Mercury's Hollows: New Information on Distribution and Morphology from MESSENGER Observations at Low Altitude

Monday, 15 December 2014: 2:55 PM
David T Blewett1, Amanda C Stadermann2, Nancy L Chabot1, Brett Wilcox Denevi1, Carolyn M Ernst1 and Patrick N Peplowski1, (1)JHU Applied Physics Lab, Laurel, MD, United States, (2)Washington University in St Louis, Earth and Planetary Sciences, St. Louis, MO, United States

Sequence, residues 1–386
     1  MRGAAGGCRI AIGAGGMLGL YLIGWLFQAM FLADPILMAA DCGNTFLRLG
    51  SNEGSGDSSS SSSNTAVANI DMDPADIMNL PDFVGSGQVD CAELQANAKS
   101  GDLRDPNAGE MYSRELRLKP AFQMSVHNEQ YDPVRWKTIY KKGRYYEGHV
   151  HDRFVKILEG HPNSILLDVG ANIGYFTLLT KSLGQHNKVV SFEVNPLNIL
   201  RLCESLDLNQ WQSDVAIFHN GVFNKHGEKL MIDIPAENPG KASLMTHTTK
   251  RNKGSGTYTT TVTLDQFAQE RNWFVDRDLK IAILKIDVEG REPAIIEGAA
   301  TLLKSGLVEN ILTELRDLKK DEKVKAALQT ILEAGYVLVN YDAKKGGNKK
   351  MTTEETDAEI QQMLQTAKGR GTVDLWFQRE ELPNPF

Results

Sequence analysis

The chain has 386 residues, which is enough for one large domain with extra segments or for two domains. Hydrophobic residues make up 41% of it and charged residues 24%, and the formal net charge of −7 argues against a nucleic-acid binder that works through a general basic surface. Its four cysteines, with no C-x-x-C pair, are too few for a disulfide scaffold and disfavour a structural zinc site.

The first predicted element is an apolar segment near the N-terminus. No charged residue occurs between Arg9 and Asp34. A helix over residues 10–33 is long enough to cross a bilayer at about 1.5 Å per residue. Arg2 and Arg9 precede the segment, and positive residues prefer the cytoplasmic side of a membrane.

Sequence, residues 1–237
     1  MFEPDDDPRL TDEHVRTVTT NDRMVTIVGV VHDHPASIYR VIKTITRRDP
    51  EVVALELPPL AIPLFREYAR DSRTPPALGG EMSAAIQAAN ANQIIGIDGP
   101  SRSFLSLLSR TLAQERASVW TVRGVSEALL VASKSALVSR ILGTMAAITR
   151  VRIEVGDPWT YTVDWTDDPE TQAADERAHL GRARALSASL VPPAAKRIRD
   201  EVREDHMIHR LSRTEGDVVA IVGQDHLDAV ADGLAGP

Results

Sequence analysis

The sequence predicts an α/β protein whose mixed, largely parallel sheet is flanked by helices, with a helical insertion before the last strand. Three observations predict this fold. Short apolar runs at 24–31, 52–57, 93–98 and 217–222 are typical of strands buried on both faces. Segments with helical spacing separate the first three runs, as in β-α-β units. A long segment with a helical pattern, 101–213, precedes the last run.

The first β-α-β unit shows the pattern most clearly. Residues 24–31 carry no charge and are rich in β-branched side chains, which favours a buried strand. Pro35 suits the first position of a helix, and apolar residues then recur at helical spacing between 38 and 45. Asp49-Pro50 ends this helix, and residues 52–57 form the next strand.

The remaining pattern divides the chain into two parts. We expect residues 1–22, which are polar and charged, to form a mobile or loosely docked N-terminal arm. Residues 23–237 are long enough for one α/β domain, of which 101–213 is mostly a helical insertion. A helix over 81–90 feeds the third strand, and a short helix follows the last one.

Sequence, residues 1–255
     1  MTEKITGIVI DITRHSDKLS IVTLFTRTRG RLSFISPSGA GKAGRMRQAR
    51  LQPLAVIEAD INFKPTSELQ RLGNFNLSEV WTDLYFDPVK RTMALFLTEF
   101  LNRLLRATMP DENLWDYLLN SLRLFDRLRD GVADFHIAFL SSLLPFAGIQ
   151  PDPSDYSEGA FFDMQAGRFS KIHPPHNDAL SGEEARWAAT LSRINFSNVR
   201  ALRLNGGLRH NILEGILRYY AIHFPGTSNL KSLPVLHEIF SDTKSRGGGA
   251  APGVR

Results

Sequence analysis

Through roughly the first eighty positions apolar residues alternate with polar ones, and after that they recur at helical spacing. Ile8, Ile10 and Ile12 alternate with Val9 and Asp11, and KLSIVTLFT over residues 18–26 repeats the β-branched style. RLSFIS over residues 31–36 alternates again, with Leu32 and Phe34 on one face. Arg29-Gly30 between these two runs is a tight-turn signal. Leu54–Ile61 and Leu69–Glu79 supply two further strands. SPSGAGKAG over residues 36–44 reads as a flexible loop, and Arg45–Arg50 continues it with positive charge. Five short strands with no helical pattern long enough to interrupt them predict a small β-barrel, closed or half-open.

MESSENGER's orbital mission at Mercury led to the discovery of an unusual landform not known from other airless rocky bodies of the Solar System. Hollows are irregularly shaped, shallow, rimless depressions, often occurring in clusters and with high-reflectance interiors and halos. The fresh appearance of hollows suggests that they are relatively young features. For example, hollows are uncratered, and talus aprons downslope of hollows in certain cases appear to be covering small impact craters (100–200 in diameter). Hence, some hollows may be actively forming at present. The characteristics of hollows are suggestive of formation via destruction of a volatile-bearing phase (possibly one or more sulfides) through solar heating, micrometeoroid bombardment, and/or ion impact. Previous analysis showed that hollows are associated with low-reflectance material (LRM), a color unit identified from global color images. The material hosting hollows has often been excavated from depth by basin or crater impacts. Hollows are small features (tens of meters to several kilometers), so their detection and characterization with MESSENGER’s global maps have been limited. MESSENGER's low-altitude orbits provide opportunities for collection of images at high spatial resolutions, which reveal new occurrences of hollows and offer views of hollows with unprecedented detail. As of this writing, we have examined more than 21,000 images with pixel sizes <20 m and incidence angles <85°. Hollows were found in 559 images. Locations of the hollows (e.g., crater floor, rim, central peak, plains) were recorded. Shadow-length measurements were made on 280 images, yielding the depths of 1343 individual hollows. The mean depth is 30 m, with a standard deviation of 17 m. We also explored correlations between the geographic locations of hollows and maps provided by the MESSENGER geochemical sensors (X-Ray, Gamma-Ray, and Neutron Spectrometers), including the abundances of Al/Si, Ca/Si, Fe/Si, K, Mg/Si, and S/Si, as well as total neutron cross-section. No clear compositional trends emerged; it is likely that any true compositional preference for terrain that hosts hollows is obscured by the very large difference in scale between the resolution of the geochemical maps (hundreds of kilometers) and the dimensions of the hollows themselves.